By Jeff Foust,
Published by SpaceNews, 5 February 2022
WASHINGTON — The International Astronomical Union (IAU) is establishing a center to help astronomers deal with the adverse effects of satellite constellations.
The IAU said Feb. 3 it selected a proposal jointly submitted by the National Optical-Infrared Astronomy Research Laboratory, or NOIRLab, run by the National Science Foundation, and the Square Kilometer Array Observatory (SKAO) to operate its Centre for the Protection of the Dark and Quiet Sky from Satellite Constellation Interference. The center will formally start operations April 1.
The center will bring together astronomers and other experts on various efforts to address the visible and radio interference caused by constellations like OneWeb and SpaceX’s Starlink. That work will include the development of software tools for astronomers, work on national and international policies, community outreach and work with industry on relevant technologies.
“The center will bring together astronomers, industry, policy experts and the wider community, and act as a bridge between all stakeholders,” said Piero Benvenuti, former general secretary of the IAU and director of the new center, in a press briefing. “The center is essentially a coordination center.”
The center will not, at least to start, be large. “The initial budget is not a big one,” he said. He did not disclose specific funding but noted the center would have a staff of seven full-time equivalents. Both NOIRLab and SKAO will provide some in-kind contributions. He said that, as the center expands its service, particularly with software, it will need more resources. “One of the tasks of the center will be to start fundraising with companies and foundations.”
That included, he said, companies developing satellite constellations. Before the IAU established the center, some astronomers had been working with satellite constellation operators, including through a series of workshops and other meetings. At the same time, other astronomers were sharply and publicly critical of those companies for launching thousands of satellites that are increasingly interfering with optical and radio astronomy.
Connie Walker of NOIRLab, a co-director of the center, said the center has established relationships with Amazon, OneWeb and SpaceX. “Each of those three major companies have indicated quite strongly that they would like to work with us wholeheartedly, and do as much as they can,” she said.
Most of that focus has been SpaceX, which has now launched more than 2,000 Starlink satellites. As part of those efforts, SpaceX first tested darkening reflective surfaces on the satellite to reduce its brightness, then installed visors to block sunlight from reflecting off those surfaces. That has helped reduce the brightness of newer satellites, although a recent study found those satellites have not yet quite reached the magnitude threshold recommended by astronomers.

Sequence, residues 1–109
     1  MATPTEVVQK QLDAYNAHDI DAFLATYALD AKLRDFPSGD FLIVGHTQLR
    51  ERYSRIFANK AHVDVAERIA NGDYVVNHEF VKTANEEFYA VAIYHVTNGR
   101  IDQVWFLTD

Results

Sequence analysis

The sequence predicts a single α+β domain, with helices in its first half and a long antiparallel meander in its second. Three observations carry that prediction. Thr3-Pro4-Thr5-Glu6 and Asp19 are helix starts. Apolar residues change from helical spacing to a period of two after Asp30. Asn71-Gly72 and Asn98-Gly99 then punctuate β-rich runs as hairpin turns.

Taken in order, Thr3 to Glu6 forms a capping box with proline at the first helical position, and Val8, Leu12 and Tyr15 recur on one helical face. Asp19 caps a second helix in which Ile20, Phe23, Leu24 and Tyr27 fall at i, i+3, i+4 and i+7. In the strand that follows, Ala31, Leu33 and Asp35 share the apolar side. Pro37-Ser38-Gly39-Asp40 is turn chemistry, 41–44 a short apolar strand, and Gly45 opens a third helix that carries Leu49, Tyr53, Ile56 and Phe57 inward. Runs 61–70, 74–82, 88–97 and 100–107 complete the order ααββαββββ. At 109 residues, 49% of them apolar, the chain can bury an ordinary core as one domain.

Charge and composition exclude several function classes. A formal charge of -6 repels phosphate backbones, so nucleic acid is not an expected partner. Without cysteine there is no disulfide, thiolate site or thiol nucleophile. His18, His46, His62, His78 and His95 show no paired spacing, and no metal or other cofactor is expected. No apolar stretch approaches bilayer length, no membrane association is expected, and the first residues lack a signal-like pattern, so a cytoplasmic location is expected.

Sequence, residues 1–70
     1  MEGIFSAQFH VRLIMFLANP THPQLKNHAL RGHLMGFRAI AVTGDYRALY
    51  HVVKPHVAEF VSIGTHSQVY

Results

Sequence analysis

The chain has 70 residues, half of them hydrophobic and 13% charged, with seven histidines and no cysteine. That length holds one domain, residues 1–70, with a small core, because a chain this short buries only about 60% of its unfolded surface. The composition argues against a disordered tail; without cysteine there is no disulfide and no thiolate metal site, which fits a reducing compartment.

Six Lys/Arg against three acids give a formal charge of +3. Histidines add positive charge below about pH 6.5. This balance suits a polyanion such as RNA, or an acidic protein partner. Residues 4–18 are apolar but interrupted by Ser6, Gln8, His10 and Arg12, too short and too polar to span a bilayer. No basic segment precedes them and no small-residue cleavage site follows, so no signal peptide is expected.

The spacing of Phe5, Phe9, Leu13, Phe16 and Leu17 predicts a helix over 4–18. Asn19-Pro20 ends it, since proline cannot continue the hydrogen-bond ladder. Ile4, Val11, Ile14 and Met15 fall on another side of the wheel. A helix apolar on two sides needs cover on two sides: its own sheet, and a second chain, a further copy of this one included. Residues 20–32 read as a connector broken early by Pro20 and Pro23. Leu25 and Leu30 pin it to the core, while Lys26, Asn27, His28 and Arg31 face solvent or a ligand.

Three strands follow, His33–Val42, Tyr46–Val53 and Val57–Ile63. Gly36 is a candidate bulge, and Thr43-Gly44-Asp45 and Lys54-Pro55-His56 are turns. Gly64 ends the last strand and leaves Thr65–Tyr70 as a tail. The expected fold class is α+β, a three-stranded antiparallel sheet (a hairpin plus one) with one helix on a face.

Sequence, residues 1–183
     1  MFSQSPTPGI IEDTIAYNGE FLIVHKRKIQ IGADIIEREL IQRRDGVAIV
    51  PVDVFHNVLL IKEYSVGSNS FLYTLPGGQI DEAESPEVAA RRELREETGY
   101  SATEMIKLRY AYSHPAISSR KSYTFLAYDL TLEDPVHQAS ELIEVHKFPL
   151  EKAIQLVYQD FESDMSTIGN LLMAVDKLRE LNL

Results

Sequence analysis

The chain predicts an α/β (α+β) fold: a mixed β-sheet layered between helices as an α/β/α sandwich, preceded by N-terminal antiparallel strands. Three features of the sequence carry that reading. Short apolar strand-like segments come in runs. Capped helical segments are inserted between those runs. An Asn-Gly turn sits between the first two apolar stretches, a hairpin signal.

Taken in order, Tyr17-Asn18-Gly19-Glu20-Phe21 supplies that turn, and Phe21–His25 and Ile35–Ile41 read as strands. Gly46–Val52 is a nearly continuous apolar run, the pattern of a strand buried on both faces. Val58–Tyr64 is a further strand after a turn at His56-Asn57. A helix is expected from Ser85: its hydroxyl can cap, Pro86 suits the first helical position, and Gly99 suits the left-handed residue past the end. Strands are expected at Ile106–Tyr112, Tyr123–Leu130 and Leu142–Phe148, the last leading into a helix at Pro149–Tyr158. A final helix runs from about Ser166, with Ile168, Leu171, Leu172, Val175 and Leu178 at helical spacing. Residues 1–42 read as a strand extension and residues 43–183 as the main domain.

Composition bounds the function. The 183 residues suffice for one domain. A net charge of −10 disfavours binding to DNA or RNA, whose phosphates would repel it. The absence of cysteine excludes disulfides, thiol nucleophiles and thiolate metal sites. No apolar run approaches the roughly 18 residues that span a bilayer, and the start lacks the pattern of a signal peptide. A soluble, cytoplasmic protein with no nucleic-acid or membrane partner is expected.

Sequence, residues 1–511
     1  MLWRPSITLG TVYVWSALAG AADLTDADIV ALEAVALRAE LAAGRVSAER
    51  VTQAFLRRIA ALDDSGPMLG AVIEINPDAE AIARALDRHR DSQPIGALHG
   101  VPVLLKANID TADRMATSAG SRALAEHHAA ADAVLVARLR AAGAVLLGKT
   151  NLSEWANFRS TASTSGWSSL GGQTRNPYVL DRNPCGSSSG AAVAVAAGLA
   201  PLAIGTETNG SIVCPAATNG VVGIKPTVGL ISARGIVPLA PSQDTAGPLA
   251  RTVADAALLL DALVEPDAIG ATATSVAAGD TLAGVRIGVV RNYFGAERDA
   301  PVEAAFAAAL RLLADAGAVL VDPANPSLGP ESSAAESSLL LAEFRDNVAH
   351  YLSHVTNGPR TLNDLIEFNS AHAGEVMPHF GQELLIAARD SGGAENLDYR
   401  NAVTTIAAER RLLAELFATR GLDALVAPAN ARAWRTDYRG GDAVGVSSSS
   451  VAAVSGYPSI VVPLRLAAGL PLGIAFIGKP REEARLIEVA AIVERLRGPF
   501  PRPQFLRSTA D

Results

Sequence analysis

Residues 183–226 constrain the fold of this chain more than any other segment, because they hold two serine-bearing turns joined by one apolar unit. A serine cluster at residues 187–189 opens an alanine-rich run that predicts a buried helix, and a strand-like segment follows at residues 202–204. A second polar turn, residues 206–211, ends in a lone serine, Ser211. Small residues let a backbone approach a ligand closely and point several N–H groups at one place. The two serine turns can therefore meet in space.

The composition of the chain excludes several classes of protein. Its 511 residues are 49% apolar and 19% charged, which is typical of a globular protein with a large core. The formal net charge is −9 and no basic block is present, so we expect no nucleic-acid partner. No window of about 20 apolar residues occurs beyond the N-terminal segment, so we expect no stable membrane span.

Walker noted that OneWeb, whose satellites are in orbits far above the maximum altitude of 600 kilometers recommended by astronomers to minimize the time each night those satellites are visible, told astronomers they’re not able to lower their orbits. However, the company said would take other steps, such as coating reflective surfaces, to reduce their brightness.
“It’s better to make these agreements than to go through regulations because regulations take a long time to solidify, but we’re hopeful in talking with them already that some comprises can be made,” she said.
However, the center will also address some policy solutions, including through the United Nations Committee on the Peaceful Uses of Outer Space and the International Telecommunication Union. Those efforts could be part of broader discussions about space sustainability, said Richard Green of the University of Arizona.
“We think this IAU center can significantly contribute to overcoming these challenges” in developing policy, he said. “It ties into the whole suite of concerns about space traffic management.”
He also endorsed a cooperative approach with industry in the hopes of creating a “voluntary corporate culture” that seeks to mitigate the impact of those companies’ constellations. “On the other hand, the notion of having our policy approach to regulators in multiple countries is to codify these good intentions so that, if the profit motive does start to intrude and make these mitigations difficult for them, we have some backup to say there really is a requirement that they look into these issues.”
See: Original Article